Попрошайничество как (квази)профессия в современной России
This paper examines wage differentials between permanent/non-permanent and full-time/part-time employees. The analysis is based on the representative Household Survey of Welfare dataset, collected by Rosstat and the World Bank in 2003. The results show that non-permanent workers suffer a loss in wages while part-timers earn more per hour than full-timers, but the wage gap diminishes substantially when controlled for observed and non-observed characteristics. It seems that the theory of segmented labor markets is quite appropriate for explaining these differences in the Russian labor market.
Having unique data we investigate informal employment and “envelope payments” as additional costs of worker displacement in the Russian labor market. In particular we analyze whether displaced workers experience
more involuntary informal employment than their non-displaced counterparts. Our main results confirm
our contention that displacement entraps some of the workers in involuntary informal employment. Those who quit, in turn, experience voluntary informality for the most part, but there seems a minority of quitting workers who end up in involuntary informal jobs. This scenario does not fall on all the workers who separate but predominantly on workers with low human capital. Being able to distinguish between involuntary and voluntary informal employment our study contributes to the debate in the informality literature on the issue of segmented versus integrated labor markets. We also pursue the issue of informality persistence and find that informal employment is indeed persistent as some workers churn from one informal job to the next. Job separations in general and not displacement events per se are associated with larger “envelope payments”.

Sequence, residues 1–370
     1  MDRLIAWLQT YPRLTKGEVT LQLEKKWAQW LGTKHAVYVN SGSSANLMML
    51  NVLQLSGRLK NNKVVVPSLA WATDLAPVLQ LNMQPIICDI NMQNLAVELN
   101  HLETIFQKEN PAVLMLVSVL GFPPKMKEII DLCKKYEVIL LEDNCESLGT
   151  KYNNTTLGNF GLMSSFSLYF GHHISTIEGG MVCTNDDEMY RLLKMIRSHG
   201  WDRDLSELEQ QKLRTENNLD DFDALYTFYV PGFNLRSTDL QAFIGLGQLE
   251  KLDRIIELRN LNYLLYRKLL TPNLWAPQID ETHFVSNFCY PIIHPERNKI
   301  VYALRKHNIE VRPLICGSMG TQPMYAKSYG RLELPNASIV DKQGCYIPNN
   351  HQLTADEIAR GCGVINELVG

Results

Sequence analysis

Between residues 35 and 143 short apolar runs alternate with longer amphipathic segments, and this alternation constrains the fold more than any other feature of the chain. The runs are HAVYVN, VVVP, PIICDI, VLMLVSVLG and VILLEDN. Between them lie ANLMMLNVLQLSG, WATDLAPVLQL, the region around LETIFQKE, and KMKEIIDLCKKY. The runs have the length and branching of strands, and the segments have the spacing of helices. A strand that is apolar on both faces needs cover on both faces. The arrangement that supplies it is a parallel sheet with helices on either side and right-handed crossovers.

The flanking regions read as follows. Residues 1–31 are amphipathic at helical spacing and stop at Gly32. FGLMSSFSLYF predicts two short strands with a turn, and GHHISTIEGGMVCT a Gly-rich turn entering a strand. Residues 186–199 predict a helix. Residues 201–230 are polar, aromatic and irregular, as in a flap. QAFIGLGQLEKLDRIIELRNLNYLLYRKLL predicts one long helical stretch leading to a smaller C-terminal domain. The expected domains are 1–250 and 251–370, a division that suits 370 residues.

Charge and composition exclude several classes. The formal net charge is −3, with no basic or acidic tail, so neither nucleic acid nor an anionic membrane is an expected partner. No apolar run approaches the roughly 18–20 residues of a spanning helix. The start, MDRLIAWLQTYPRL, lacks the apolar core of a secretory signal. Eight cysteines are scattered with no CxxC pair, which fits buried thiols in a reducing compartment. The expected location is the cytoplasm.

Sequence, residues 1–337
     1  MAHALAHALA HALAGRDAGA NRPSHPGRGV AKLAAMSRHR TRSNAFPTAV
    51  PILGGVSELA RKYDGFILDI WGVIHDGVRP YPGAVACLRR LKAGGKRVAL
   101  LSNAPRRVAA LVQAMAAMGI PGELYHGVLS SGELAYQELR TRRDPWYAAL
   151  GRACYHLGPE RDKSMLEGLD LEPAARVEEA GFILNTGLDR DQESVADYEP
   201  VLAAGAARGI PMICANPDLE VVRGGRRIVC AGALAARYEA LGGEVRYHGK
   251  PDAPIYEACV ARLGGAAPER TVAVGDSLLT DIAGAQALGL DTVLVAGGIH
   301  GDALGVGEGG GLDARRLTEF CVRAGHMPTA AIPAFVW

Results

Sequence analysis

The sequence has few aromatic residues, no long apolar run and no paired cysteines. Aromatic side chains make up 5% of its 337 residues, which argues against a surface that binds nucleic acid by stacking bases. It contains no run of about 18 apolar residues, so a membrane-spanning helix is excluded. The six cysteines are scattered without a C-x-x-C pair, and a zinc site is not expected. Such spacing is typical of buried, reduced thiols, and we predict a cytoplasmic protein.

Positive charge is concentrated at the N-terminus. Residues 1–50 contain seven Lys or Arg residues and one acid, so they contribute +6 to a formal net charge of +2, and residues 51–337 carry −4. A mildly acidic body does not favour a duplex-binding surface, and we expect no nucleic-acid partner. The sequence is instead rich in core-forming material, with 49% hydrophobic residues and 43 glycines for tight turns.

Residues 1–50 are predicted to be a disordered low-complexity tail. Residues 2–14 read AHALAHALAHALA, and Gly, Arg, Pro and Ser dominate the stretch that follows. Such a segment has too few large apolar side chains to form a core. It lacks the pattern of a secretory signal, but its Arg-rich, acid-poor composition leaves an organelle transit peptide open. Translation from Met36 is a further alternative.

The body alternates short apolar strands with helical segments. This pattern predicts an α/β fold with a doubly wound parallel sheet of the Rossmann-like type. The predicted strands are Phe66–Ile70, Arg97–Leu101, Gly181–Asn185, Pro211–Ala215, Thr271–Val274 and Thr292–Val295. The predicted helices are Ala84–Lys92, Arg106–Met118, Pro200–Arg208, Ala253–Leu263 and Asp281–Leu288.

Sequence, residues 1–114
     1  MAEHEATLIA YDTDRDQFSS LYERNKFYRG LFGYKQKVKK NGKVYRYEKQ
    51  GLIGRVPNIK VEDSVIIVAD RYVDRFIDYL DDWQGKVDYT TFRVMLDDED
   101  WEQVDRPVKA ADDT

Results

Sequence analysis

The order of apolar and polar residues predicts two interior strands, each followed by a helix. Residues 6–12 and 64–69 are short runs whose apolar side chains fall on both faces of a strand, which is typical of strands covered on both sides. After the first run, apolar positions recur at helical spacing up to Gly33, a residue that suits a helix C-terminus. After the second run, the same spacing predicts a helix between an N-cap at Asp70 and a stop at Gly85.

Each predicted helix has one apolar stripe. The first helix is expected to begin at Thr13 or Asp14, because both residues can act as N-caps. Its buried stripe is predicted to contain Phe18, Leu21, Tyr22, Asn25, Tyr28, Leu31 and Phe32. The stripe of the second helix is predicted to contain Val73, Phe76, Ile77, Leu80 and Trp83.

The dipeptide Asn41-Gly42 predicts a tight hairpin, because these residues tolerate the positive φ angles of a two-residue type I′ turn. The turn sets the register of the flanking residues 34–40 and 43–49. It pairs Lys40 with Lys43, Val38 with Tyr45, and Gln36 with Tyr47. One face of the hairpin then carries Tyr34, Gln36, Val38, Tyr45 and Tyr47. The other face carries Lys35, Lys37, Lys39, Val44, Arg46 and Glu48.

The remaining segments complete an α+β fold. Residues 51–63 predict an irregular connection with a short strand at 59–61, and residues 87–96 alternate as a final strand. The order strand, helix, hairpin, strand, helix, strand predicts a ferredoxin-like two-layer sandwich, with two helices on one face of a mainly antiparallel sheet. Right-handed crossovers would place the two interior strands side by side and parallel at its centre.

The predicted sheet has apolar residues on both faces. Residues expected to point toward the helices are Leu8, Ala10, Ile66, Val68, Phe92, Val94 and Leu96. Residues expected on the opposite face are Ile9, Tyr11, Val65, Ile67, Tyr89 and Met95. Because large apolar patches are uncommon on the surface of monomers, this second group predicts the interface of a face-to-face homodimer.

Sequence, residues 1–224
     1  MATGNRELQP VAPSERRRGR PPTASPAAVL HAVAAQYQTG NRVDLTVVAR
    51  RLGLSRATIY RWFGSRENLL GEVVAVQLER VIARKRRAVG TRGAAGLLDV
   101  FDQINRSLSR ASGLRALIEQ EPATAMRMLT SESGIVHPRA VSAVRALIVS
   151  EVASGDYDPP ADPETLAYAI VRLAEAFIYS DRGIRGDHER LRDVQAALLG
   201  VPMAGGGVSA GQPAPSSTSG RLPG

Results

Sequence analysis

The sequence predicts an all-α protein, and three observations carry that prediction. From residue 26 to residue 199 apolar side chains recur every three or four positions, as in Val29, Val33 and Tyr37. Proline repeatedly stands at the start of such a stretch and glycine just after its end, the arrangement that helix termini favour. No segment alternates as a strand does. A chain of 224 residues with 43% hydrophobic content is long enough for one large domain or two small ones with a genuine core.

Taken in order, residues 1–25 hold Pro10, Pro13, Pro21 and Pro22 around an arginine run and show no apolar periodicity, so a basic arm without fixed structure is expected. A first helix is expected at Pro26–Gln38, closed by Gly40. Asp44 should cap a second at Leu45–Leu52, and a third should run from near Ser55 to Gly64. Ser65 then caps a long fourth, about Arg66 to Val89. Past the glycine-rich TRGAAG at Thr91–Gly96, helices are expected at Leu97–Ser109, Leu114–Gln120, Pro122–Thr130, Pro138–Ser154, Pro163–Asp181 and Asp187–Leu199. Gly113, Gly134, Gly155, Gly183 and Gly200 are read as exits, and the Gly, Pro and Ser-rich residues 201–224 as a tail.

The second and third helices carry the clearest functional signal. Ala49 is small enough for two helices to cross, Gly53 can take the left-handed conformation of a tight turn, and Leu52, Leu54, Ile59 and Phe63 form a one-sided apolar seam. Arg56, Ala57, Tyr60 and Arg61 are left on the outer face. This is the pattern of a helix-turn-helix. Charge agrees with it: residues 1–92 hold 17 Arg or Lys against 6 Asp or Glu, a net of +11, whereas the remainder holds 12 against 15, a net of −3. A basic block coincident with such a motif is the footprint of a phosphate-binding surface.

Social differentiation, poverty and the emergence of the newly rich occasioned by the collapse of the Soviet Union have seldom been analysed from a class perspective. "Rethinking Class in Russia" addresses this absence by exploring the manner in which class positions are constructed and negotiated in the new Russia. Bringing an ethnographic and cultural studies approach to the topic, this book demonstrates that class is a central axis along which power and inequality are organized in Russia, revealing how symbolic, cultural and emotional dimensions are deeply intertwined with economic and material inequalities. Thematically arranged and presenting the latest empirical research, this interdisciplinary volume brings together work from both Western and Russian scholars on a range of spheres and practices, including popular culture, politics, social policy, consumption, education, work, family and everyday life. By engaging with discussions in new class analysis and by highlighting how the logic of global neoliberal capitalism is appropriated and negotiated vis-a-vis the Soviet hierarchies of value and worth, this book offers a multifaceted and carefully contextualized picture of class relations and identities in contemporary Russia and makes a contribution to the theorisation of class and inequality in a post-Cold War era. As such it will appeal to those with interests in sociology, anthropology, geography, political science, gender studies, Russian and Eastern European studies, and media and cultural studies.